2016 Survey Results: How Satisfied Are Uber Drivers Really?

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How satisfied are Uber drivers? This question seems to be floating around the web a lot lately and our team at TaxiFareFinder was curious to find some truthful answers! As it turns out, one of our good friends, Harry Campbell (The Rideshare Guy), was also curious to learn some answers about driver satisfaction and morale and created a survey for his network of drivers. After receiving 453 responses, his team put together a fascinating report depicting Uber drivers and how they really feel. Check out the findings below!

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Every year I send out a survey to all of my drivers here on RSG.  Honestly, I’m not a big fan of filling out surveys myself, but it is a great way to get feedback from my readers and confirm trends that I’ve been seeing in the on-demand economy.

So to everyone who filled out a 2016 survey, thank you!  We sent the survey to 10,234 e-mail subscribers and got 453 responses, which is awesome, and I’ll be sending out some RSG swag to 10 lucky winners.  Scroll down to the bottom to see if you were randomly selected. I’ll also be contacting you by e-mail.

This year’s survey had some really interesting results and I’m also getting better at asking interesting questions.  So if you’re a company or start-up interested in going over the results with me or one of my staff members, please e-mail me.

For everyone else, hope you enjoy!

2016 Survey Results: Getting Started With Driving

How long have you been a driver for?

According to Uber’s own numbers, half of all drivers quit after just one year.  I was surprised to see that only 17.4% of my audience has only been driving for 0-3 months, which tells me that although there are a lot of new drivers out there, they aren’t finding the online resources like my site, rideshare Facebook groups and forums.

This also speaks to the challenges of organizing drivers since there are so many new drivers who really only talk to Uber and don’t know how to get in contact with their fellow workers.

A little quick math: If Uber currently has 400,000 drivers and half are quitting after one year, that means they need to replace about 17,000 drivers each month (200,000 drivers/12 months).  And if they’re growing at a monthly rate of 10.6% (they announced 162,000 drivers on 1/22/15 and 400,000 drivers on 11/3/15 – active drivers are defined in both cases by having taken at least four trips in a single month), that means they need to hire 42,000 new drivers each month.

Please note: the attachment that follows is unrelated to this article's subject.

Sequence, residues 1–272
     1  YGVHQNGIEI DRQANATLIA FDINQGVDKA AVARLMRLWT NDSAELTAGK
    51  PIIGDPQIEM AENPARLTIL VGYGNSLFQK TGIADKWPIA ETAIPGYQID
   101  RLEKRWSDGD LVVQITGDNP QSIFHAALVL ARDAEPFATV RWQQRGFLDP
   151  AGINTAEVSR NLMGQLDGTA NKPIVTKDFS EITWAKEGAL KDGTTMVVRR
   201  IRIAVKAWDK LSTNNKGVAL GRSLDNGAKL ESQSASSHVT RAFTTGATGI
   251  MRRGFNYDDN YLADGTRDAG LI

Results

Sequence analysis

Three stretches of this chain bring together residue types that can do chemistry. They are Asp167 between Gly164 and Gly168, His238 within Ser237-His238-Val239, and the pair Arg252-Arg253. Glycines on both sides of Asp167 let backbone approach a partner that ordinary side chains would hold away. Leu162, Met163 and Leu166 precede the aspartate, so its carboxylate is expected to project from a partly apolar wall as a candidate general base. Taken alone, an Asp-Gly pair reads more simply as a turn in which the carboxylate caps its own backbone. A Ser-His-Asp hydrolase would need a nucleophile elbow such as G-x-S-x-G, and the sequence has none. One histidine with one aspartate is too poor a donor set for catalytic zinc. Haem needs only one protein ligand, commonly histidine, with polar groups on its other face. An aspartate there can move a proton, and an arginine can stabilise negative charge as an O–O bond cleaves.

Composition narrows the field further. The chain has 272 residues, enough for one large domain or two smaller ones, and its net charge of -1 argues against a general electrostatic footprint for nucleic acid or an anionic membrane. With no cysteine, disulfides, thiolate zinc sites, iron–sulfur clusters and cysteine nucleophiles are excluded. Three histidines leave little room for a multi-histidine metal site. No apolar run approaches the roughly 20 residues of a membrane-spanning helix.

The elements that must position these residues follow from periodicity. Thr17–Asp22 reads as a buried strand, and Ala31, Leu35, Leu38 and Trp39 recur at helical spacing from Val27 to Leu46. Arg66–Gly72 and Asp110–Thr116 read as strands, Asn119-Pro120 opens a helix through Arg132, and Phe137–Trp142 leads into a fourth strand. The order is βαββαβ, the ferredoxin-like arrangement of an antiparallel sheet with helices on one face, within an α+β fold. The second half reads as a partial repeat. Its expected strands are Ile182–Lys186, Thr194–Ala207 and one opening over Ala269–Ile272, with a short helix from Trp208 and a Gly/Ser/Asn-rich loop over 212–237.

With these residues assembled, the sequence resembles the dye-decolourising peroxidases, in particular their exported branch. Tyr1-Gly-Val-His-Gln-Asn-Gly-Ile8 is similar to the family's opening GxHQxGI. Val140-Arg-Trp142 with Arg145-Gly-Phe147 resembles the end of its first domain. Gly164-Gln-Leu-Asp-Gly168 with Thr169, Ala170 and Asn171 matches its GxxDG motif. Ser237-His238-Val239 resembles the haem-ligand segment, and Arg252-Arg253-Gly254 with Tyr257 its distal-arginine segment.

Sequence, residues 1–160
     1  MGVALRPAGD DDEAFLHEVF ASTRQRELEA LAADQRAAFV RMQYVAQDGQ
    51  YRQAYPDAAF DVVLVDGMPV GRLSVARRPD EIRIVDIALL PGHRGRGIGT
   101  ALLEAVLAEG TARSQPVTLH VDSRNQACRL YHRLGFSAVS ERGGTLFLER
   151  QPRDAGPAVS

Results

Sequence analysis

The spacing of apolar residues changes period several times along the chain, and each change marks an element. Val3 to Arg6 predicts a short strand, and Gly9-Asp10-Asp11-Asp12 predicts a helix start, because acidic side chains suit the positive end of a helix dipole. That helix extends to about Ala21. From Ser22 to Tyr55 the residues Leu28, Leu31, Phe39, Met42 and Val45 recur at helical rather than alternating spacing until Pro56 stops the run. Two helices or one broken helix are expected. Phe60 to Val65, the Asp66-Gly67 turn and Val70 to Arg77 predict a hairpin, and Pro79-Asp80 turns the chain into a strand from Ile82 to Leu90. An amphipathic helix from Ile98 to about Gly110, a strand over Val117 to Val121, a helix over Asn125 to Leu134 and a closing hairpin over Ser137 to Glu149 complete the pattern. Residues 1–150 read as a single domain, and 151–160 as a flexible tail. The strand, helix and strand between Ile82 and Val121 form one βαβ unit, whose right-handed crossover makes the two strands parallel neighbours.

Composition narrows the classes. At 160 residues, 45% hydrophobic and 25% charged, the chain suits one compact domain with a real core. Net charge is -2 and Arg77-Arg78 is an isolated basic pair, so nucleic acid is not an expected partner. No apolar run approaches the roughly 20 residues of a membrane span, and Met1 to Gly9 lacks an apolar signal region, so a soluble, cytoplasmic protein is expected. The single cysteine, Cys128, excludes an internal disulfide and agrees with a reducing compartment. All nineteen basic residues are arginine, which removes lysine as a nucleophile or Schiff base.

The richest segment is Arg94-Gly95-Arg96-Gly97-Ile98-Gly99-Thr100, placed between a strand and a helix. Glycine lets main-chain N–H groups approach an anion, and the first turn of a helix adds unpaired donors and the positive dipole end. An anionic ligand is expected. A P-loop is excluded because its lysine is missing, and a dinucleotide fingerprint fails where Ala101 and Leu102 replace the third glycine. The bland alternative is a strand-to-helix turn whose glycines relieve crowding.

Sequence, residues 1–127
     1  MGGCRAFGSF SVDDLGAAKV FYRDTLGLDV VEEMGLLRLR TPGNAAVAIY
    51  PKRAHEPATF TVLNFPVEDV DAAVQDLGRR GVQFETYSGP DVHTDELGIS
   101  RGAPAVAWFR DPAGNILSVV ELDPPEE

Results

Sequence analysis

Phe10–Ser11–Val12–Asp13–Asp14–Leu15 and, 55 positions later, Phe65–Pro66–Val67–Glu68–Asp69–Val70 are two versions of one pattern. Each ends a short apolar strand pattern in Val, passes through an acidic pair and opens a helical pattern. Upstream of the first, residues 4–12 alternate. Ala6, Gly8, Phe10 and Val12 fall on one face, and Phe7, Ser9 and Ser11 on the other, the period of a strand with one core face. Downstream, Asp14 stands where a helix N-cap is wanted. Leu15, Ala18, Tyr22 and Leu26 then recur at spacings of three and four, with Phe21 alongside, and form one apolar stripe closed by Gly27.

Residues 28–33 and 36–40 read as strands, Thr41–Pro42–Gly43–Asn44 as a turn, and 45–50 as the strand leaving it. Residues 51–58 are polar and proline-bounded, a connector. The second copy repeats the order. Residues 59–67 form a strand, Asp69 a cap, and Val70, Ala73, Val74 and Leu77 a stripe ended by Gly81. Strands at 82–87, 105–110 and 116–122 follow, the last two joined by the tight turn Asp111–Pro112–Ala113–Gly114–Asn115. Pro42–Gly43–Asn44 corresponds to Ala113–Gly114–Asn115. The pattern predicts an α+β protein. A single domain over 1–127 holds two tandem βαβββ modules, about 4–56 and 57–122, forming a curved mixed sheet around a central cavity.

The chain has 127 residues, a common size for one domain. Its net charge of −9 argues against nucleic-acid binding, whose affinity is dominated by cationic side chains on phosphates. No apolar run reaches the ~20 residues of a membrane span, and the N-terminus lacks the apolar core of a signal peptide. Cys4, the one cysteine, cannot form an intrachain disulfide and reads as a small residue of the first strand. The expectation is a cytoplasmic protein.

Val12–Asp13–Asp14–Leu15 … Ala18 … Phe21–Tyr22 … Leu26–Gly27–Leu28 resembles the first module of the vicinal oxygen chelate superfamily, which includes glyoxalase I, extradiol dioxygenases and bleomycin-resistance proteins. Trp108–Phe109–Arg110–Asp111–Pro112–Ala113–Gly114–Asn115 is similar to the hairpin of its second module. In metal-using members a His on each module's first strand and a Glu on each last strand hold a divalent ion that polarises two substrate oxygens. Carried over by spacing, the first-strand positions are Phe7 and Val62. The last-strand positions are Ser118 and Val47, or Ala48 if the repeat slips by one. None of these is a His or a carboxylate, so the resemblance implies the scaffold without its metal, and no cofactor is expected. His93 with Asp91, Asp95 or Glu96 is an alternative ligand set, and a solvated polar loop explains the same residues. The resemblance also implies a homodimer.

So in order to replace the drivers that are quitting AND sustain growth, Uber needs to hire about about 59,000 drivers in total every single month.  Wow!

Where did you first hear about driving:delivering?

If you’re wondering where Uber finds all of those new drivers, this chart gives a good glimpse into that.  I’ve talked before about Uber’s main marketing channels and although I’ve always known they pumped a lot of money into their referral program, I was surprised to see that so many people ‘heard from a friend’ about driving for Uber.

Not all of these word of mouth referrals are paid referrals, but it’s impressive to see just how important the network effect is when recruiting on the supply side.  Basically by having such a large passenger base, this also helps recruiting efforts.  This is also why a lot of the smaller to mid tier ‘Uber for X’ companies have such a hard time recruiting new drivers (and they don’t have as much $$ obviously).

If you’re curious about some of the ‘other’ responses you can view those here.  The only major category I missed was Facebook ads, which is basically the same type of paid marketing as Google Ads.

Who’s Driving For Uber And Why?

Which rideshare:delivery company do you PRIMARILY drive for?Which on-demand service do you PREFER to drive for? I’ve commented many times before that most drivers prefer driving for Lyft, but they get more rides and make more money with Uber.  I think these two charts prove that pretty clearly.  Even though an overwhelming majority of drivers are primarily working for Uber and thus making more money with Uber, an equal number of them prefer Lyft to Uber.